¶22 AHCCCS argues In re Matey, 213 P.3d 389 (Idaho 2009), supports its claimed lien. The Medicaid recipient in that case settled her personal injury claim for just six percent of its full value. Id. at 391 n.4. At the time of the settlement, Medicaid had paid $60,752 in medical expenses; according to the court, other “past medical expenses paid” totaled $345,562. Id. An Idaho statute directed that the state plan “shall have priority to any amount received from a third party or entity which can reasonably be construed to compensate the recipient for the occurrence giving rise to the need for medical assistance.” Id. at 393. Enforcing that statute, the court accepted the state’s contention that it was entitled to be reimbursed from any settlement amounts designated for medical expenses, past or future. In holding that the federal anti-lien provision did not prevent the state from recovering funds allocated to other medical expenses, the court remarked that “the Supreme Court specifically stated that damages received for medical care did not constitute property subject to the anti-lien provisions.” Id. at 394 (citing Ahlborn, 547 U.S. at 284).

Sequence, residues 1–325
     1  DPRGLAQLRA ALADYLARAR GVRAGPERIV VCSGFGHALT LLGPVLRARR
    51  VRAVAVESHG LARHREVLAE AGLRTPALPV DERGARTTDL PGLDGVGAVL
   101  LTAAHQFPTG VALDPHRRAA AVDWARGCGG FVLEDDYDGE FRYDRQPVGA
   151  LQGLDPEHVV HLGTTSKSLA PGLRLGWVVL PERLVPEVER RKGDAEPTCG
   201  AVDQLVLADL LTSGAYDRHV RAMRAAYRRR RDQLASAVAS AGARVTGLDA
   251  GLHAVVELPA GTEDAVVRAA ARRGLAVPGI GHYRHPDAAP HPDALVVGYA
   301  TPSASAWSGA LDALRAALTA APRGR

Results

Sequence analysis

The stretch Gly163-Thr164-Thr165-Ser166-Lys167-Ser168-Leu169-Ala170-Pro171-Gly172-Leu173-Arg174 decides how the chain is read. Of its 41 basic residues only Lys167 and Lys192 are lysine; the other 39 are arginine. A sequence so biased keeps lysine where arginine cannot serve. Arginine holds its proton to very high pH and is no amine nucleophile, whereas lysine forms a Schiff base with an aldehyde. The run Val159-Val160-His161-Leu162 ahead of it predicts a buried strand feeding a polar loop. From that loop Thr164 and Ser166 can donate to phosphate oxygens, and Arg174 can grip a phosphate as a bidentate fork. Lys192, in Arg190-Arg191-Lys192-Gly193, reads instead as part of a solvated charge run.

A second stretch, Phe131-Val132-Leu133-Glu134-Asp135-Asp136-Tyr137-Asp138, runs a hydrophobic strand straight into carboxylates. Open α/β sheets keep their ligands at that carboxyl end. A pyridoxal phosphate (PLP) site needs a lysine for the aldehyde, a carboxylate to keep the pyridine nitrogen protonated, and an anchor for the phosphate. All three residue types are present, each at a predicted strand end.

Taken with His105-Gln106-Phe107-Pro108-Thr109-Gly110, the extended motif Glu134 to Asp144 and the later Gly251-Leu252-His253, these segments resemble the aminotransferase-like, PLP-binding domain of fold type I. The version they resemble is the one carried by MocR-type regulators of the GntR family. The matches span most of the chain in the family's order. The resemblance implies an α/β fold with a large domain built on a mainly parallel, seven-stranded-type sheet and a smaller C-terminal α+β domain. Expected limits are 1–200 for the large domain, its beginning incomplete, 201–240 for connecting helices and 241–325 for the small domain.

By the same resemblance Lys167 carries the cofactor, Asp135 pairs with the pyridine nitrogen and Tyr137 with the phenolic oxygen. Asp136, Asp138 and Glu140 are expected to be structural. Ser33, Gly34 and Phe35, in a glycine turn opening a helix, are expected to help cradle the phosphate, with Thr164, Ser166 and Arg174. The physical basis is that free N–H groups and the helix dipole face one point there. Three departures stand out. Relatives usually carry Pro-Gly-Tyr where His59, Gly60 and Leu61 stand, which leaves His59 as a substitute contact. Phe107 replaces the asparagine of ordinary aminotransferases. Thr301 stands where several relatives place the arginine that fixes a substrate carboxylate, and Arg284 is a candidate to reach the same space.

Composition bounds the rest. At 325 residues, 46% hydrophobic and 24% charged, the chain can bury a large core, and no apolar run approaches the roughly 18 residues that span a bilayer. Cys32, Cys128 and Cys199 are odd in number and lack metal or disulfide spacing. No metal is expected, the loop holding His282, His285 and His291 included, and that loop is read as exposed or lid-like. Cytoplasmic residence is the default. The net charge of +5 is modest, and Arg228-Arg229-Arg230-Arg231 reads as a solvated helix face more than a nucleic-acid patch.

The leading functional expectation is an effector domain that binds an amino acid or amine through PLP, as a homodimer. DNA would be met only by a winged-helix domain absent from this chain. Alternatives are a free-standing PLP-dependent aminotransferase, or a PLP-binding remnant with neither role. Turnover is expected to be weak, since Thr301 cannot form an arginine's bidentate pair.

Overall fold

¶23 But the Supreme Court’s precise statement was that “the exception carved out by §§ 1396a(25) and 1396(a) is limited to payments for medical care.” Ahlborn, 547 U.S. at 284-85 (emphasis added). The Ahlborn court’s decision to limit the lien exception to that portion of a settlement allocated to medical payments supports our conclusion in these cases that AHCCCS’s lien may not extend beyond those amounts. In any event, at issue in Matey were settlement amounts representing paid medical expenses, not, as here, components of a settlement attributable to billed but not paid medical expenses. 8 AHCCCS does not argue in these cases that it is entitled to recover from any portion of these settlements that may have been designated for future medical expenses, and we express no opinion on the merit of such an argument.